• http://rubyflare.com Michael MacDonald

    A great article! I particularly like how you aren’t telling everyone else that they are doing it wrong, just showing us what has worked for you. I didn’t know about using “expect” instead of “lambda” so I’ll definitely give that a try.

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  • http://blog.sidu.in Sidu Ponnappa

    If you’re doing a lot of response asserting, you should use these matchers for response codes: https://github.com/c42/rspec_matchers

    Gives you stuff like
    response.should be_unprocessable_entity
    response.should be_im_a_teapot

  • http://wilker-dev.com Wilker

    Nice article!

    I mean will be nice to have a similar article about best practices on Steak for acceptance specs, I know it can be almost the same, but for acceptance specs is common to check things on the way of execution (ending with a lot of assertions on same spec).

    Thanks a lot!

    • Rudy Jahchan

      Thanks Wilker!

  • http://www.techwench.com neo

    great post how clear cut code saving and testing

  • http://sikachu.com Prem Sichanugrist

    Thank you for this nice article. However, I’m curious about testing the validation. Do you just making another `describe ‘validations’` block, or do you just don’t test it altogether?

    • http://abernardes.github.com/ Andre Bernardes

      I’m curious about that too. And what about associations? Do you test them as well?

      • Jared Carroll

        I don’t directly unit test associations. Instead, associations are indirectly tested through other tests, e.g., integration tests that exercise the whole stack.

        As for validations see my comment above: http://blog.carbonfive.com/2010/10/21/rspec-best-practices/#comment-318474430

      • Gumaro Melendez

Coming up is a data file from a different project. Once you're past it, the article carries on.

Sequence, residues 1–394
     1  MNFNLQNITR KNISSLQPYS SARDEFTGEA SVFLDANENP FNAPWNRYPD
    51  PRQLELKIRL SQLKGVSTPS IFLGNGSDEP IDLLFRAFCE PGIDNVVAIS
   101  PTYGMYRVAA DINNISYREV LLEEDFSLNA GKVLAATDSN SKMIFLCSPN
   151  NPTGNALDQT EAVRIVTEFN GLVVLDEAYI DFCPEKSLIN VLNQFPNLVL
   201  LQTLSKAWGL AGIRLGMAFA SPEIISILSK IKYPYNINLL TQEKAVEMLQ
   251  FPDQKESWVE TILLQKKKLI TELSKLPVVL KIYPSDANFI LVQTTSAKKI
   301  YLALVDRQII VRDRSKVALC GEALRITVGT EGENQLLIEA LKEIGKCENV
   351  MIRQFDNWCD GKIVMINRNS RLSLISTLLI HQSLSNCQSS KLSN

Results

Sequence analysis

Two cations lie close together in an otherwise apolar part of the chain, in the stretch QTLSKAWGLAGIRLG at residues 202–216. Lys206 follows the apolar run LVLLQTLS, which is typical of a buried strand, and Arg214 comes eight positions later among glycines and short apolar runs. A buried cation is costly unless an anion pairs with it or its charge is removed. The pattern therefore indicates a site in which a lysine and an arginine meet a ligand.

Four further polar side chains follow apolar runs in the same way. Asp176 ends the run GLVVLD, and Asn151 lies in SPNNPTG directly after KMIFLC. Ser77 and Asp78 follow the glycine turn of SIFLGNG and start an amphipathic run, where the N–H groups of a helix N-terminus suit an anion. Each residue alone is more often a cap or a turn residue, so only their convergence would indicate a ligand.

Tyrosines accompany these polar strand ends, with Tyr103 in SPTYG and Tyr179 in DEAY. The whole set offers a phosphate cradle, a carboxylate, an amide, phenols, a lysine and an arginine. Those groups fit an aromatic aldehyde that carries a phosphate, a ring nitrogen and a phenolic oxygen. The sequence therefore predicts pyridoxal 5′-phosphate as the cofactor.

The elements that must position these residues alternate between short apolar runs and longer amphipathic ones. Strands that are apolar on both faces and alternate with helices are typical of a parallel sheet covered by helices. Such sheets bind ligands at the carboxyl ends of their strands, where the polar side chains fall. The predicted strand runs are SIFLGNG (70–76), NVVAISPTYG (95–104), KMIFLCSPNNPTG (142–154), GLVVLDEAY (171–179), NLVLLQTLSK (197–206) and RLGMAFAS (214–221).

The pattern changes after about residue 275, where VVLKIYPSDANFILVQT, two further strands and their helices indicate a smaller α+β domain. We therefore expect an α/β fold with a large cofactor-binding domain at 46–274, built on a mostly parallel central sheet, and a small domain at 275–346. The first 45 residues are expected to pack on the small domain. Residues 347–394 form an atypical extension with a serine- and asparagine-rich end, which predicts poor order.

I usually just do @user.should respond_to(:posts). Really all that test is doing is ensuring I’ve written the has_many :posts line in the User model. Anything more than that and I’d feel like I’m testing the framework or no long unit testing and as Jared said should be caught in an integration test

  • Jared Carroll

    @prem – I spec model validations using “describe ‘#valid?’” and if necessary nested contexts such as “on create” or “on an update”.

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  • nicolasiensen

    Nice article brow!

    Don’t you think that…

    its(:body) { should match(/sign in/i) }

    … is readable enough?

    • http://blog.maxaller.name/ Max

      He’s referring to the console output readability, not the code readability.

  • Jared Carroll

    @ nicolasiensen – thanks for the feedback

    I just prefer visually parsing Strings as opposed to punctuation like parens, symbols, and curly braces. In the end its just a personal preference that I feel results in the most easily readable specs.

  • makoto kuwata

    This post is great. So I will translate it into Japanese.
    I’ll let you the url after translation is prepared.
    Thank you for nice post.

  • http://vitobotta.com Vito Botta

    This is one of the best posts I’ve read so far on the subject. Thanks!

    • Dave Doolin

      This is one of the best posts I’ve read on testing, ever. Actually, it’s one of the best posts I’ve read on programming practice ever.

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  • arnodmental

    Hi,
    Thank you for this excellent post, I have a question though.

    You don’t explicitly refer to the HTTP verb in your examples, how would you add it ? Or do you think this is enough to have it implicit (ok for usual methods, but if I want to add some others I will need to choose a verb..)

    • Jared Carroll

      arnodmental,

      I used to include the HTTP verb in my example names. Since I tend to write RESTful controllers if felt redundant to mention the HTTP verb because I was just following Rails’ conventions e.g. #new is a GET, #create is a POST, etc. As for non-RESTful actions (i.e. NOT one of the normal 6 that a map.resources will give you) I’d probably still exclude the HTTP verb so its consistent with the other specs for RESTful actions.